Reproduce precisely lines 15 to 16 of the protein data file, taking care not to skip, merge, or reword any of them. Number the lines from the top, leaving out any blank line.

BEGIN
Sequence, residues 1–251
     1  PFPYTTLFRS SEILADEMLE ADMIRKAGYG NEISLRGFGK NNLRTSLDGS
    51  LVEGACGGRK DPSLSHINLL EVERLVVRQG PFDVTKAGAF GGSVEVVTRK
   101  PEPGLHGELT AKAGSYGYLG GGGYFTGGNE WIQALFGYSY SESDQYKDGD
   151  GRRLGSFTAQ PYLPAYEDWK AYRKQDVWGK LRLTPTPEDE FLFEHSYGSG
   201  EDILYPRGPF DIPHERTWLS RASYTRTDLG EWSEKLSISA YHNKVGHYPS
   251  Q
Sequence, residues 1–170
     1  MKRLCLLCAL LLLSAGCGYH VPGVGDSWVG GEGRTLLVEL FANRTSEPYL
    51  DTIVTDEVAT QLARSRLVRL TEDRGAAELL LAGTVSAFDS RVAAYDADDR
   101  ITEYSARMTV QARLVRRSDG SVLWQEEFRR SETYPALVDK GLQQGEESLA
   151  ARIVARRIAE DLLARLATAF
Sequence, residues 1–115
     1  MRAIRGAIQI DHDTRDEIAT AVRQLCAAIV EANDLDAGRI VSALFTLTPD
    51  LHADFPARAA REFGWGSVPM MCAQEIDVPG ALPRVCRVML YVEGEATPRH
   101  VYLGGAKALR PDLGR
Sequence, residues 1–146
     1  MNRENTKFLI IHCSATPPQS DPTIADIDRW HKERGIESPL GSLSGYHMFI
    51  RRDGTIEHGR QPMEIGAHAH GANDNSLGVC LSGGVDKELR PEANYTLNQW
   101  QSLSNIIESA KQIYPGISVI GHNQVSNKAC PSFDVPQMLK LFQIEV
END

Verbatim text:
    51  LHADFPARAA REFGWGSVPM MCAQEIDVPG ALPRVCRVML YVEGEATPRH
   101  VYLGGAKALR PDLGR